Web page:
Mitsubishi Chemical will streamline its sprawling business that spans more than 530 subsidiaries as its first non-Japanese general manager promises to tackle “sacred cows” to survive the clean energy era.
Jean-Marc Gilson, a 57-year-old Belgian who took the reins in April, told the Financial Times he would launch an aggressive asset review to bring Japan’s largest chemical company back to profitability after headwinds caused by the Covid-19 pandemic.
The surprise appointment of a foreign leader has sparked excitement among the private equity industry and other investors, who hope the 88-year-old group will follow suit. in the footsteps of Hitachi, Takeda Pharmaceutical Company and other Japanese groups that have sold underperforming companies to invest in more promising areas.
The group’s activity ranges from petrochemicals and industrial gases to healthcare. It serves the automotive, steel, semiconductor and LCD display manufacturing industries.
“There will be no sacred cows,” said Gilson, who previously headed the French ingredients group Roquette. “So if a business isn’t our strength, or if a business isn’t in a growing industry, or if we can’t solve the carbon neutrality problem, then I think we’re going to have to ask ourselves really tough questions. ”
Gilson faces the immediate challenge of making up for estimated annual losses of 48 billion yen ($ 442 million) that Mitsubishi Chemical has suffered as a result of the Covid-19 disruptions and raising the plunging share price by 24% last year. But an even bigger task is to refocus the business from the petrochemicals and other energy intensive and volatile businesses to more profitable areas with a lower carbon footprint.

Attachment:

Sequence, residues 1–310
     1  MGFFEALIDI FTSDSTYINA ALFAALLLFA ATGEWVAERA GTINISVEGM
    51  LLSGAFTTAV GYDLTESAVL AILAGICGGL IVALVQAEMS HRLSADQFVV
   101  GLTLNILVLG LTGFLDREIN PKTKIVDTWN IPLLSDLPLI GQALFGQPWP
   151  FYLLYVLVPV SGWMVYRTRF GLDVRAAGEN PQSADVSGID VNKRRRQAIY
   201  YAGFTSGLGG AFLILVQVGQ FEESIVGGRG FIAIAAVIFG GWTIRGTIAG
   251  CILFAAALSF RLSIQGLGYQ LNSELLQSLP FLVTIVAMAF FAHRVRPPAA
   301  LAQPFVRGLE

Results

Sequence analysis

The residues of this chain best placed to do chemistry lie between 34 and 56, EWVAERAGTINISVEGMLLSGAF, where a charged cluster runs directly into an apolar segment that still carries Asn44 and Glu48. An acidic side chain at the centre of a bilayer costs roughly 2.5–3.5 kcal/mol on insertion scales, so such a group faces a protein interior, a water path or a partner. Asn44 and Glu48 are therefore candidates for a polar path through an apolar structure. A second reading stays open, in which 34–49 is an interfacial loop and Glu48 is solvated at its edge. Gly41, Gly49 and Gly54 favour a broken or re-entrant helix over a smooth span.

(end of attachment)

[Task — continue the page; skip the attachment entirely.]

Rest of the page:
“Faced with these [carbon neutrality] challenges, the number one priority is to position the company for growth, ”he said. “Because if we don’t, it’s really an existential threat to the business.”
Without specifying which companies will be sold, Gilson said the company will continue to focus on semiconductor materials and the demands created by connectivity and clean energy needs such as hydrogen. Another target area will be lightweight and durable materials for use in electric vehicles.
“People know what to do. We have to extract, consolidate, and then move on. It won’t take two years. It’s probably a matter of months before we have a clear picture of what needs to be done, ”he added.
Before becoming head of Roquette in 2014, Gilson spent two decades at Dow Corning, including five years in Japan.
Foreign CEOs are relatively rare in Japan and have a mixed record. Gilson is the first foreigner to be appointed head of a Japanese company since Carlos Ghosn, the former chairman of Nissan, was arrested in 2018 for financial misconduct, which he denies.
Gilson said he sought advice from Glenn Fredrickson, the only other non-Japanese director on the Mitsubishi Chemical board, to better understand the internal relationships within the company before moving to Tokyo from California in March. .
Gilson said he was not concerned with being the head of what he called a “pure Japanese company,” pointing to improvements in governance in recent years that have created a 12-member board of directors. five of whom are non-executive directors.
“My job would have been much more difficult if this kind of governance evolution had not happened,” he added.